The Torturing Death of Sylvia Marie Likens
The Letter Before End
Then Gertrude and Paula forced Sylvia to write a letter to her parents. Sylvia started to begin the note like the one she had previously been forced to write, "Dear Mom and Dad" but Mrs. Wright told her to stop and made her start over with the peculiar salutation "To Mr. and Mrs. Likens." After Sylvia's death, Mrs. Wright would turn over this letter to a cop. She would tell him that Sylvia had been absent from her house for a few days, then wandered into the backyard, clutching this epistle. The unsigned note read, in part, as follows.
To Mr. and Mrs. Likens:
I went with a gang of boys in the middle of the night. And they said that they would pay me if I would give them something so I got in the car and they all got what they wanted ... and when they got finished they beat me up and left sores on my face and all over my body.
And they also put on my stomach, I am a prostitute and proud of it.
I have done just about everything that I could do just to make Gertie mad and cause [sic] Gertie more money than she's got. I've tore up a new mattress and peaed [sic] on it. I have also cost Gertie doctor bills that she really can't pay and made Gertie a nervous wreck and all her kids. . . .
Mrs. Wright discussed having someone drop Sylvia in a waste lot. She told John and Jenny that they were going to do this chore that but, before they could, Sylvia made an escape attempt. The hideously mutilated and weakened girl ran to the front door. Gertrude ran after her, catching her just as Sylvia was about to make it to the porch. Then Mrs. Wright dragged her to the kitchen and offered the girl some toast. The sick youngster said she couldn't swallow. Infuriated, Mrs. Wright beat her across the mouth with a curtain rod.
Twelve-year-old John Baniszewski tied Sylvia up in the basement. Apparently, not wanting her young charge to die — at least not until she was elsewhere — Gertrude went down to the basement with an offer of crackers.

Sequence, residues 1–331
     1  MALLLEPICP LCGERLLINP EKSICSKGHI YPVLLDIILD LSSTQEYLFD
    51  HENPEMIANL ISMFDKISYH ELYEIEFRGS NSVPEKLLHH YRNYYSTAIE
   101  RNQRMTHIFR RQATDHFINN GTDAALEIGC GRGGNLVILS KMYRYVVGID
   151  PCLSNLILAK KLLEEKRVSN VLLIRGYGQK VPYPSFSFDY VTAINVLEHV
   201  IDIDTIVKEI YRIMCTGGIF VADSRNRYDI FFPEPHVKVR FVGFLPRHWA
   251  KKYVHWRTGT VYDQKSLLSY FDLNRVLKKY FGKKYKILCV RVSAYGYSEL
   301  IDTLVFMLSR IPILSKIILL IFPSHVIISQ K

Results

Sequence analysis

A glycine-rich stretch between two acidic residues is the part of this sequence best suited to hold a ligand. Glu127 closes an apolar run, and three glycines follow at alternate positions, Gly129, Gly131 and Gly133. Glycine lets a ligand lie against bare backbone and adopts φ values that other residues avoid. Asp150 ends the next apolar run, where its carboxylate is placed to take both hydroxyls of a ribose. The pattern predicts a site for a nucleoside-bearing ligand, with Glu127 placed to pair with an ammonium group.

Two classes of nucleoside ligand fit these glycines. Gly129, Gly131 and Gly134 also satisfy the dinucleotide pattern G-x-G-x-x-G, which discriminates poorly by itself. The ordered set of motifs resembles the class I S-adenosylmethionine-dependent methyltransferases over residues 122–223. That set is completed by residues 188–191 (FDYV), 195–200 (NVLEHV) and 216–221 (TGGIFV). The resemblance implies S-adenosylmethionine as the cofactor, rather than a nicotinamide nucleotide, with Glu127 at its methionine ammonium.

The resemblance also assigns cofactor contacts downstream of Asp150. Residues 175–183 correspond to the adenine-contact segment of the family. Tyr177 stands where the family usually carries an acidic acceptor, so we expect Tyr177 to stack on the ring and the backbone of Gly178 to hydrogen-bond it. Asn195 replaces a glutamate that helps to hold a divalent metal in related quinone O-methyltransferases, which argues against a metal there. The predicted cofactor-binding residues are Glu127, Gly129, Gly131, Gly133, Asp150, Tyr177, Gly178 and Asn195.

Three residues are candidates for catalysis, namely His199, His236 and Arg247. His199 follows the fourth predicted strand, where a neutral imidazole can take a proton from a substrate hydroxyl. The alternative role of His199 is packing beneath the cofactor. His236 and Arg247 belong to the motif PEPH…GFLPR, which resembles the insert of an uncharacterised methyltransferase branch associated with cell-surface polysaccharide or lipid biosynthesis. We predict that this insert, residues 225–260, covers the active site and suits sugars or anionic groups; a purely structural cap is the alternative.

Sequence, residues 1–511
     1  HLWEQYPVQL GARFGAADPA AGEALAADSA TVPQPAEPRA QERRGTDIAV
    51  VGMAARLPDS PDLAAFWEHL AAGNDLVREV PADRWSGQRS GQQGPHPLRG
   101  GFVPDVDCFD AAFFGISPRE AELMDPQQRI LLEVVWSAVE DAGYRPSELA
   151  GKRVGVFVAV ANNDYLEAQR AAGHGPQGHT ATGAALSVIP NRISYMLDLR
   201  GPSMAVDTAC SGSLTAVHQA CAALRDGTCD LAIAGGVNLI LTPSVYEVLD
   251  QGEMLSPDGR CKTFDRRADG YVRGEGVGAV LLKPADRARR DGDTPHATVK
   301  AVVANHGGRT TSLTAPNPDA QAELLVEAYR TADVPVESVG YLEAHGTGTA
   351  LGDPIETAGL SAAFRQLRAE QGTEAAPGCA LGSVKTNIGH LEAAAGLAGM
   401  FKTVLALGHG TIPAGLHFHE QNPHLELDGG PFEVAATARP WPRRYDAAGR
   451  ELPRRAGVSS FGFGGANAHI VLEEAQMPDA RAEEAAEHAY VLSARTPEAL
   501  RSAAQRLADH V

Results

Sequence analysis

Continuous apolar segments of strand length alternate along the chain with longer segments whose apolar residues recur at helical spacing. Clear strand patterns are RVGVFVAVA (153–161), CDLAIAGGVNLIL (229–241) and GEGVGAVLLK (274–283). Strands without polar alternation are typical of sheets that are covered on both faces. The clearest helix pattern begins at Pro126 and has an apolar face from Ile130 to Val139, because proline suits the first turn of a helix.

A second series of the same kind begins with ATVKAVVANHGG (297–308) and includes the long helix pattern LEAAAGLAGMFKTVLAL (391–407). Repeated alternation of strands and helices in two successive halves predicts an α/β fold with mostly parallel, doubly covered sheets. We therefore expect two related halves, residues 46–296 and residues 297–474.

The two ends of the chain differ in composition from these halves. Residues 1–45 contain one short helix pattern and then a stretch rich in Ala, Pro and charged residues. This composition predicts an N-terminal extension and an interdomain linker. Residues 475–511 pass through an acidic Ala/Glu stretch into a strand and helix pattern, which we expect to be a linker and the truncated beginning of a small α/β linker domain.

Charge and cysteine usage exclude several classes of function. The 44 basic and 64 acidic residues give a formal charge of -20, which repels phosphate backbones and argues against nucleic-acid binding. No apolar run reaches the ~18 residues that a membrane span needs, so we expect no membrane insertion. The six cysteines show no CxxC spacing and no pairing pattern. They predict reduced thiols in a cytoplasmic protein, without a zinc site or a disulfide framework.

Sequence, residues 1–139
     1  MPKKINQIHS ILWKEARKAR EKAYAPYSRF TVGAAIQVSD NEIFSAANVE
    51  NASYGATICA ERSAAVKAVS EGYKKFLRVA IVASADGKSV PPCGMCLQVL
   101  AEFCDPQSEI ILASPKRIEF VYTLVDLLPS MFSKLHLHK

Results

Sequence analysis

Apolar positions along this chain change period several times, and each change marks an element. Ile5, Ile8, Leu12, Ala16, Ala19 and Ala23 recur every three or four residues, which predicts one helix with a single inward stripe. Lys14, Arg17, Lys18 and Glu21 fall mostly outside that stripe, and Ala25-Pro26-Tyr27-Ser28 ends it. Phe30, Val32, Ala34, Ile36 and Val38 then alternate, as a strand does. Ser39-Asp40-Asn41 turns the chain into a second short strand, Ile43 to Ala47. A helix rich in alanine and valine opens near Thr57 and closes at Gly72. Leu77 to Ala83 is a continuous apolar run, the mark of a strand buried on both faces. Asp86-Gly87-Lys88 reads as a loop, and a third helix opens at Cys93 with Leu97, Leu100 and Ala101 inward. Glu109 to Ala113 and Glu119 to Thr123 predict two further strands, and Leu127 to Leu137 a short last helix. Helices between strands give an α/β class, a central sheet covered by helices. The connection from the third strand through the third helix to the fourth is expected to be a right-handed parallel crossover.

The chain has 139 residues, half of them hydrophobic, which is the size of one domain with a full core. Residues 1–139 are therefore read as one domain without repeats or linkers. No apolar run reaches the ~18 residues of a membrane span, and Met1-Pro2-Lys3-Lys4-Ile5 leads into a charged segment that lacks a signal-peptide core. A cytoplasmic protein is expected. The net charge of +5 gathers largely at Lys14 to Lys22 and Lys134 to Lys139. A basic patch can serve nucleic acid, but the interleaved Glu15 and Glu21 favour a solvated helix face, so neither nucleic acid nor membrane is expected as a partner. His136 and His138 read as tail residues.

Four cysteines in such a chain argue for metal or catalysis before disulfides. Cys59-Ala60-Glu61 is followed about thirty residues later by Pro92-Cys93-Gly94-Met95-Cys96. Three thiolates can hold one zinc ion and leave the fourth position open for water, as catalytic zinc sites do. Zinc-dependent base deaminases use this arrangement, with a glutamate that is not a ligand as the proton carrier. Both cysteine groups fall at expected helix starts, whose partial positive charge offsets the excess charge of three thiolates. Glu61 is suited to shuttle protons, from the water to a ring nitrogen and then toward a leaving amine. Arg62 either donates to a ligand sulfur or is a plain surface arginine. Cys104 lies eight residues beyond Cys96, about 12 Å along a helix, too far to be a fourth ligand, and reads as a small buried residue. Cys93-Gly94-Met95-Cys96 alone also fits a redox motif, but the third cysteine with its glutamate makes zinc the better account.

"Give it to the dog," Sylvia told her captor, "It's hungrier than I am." Perhaps Sylvia felt she had nothing left to lose and, so, was defiant. Or perhaps the horror of the words branded upon her had sapped her will to live. Mrs. Wright repeatedly punched the girl in the stomach.
The next day was Sunday, October 24. Gertrude and John both beat the girl. Mrs. Wright swung at Sylvia with a chair but it broke before it hit her. The frazzled woman then tried to hit Sylvia with the paddle but hit herself instead, blackening her own eye. Then Coy Hubbard stopped by and hit Sylvia in the head with a broomstick, knocking her unconscious.
During the night, Sylvia repeatedly pounded on the floor of her basement-prison with a shovel; neighbors were disturbed and considered calling the cops to complain about the noise but did not.
The next day, Sylvia was taken upstairs for a final — non-torturous — bath. She was placed in the tub clothed. When taken out of it, Stephanie and Ricky realized that Sylvia was not breathing. Stephanie attempted to give Sylvia mouth-to-mouth resuscitation. It did no good.
Sylvia was dead.
Mrs. Wright told Ricky to call the cops. He had to go to a pay phone since Gertrude's home did not have a telephone. When the police got to the house, a frantic Mrs. Wright handed them the letter quoted above, hoping it would absolve her of blame for the battered corpse lying on a mattress. However, before the officer had a chance to read it, a grieving and terrified Jenny Likens whispered to him, "Get me out of here and I'll tell you everything."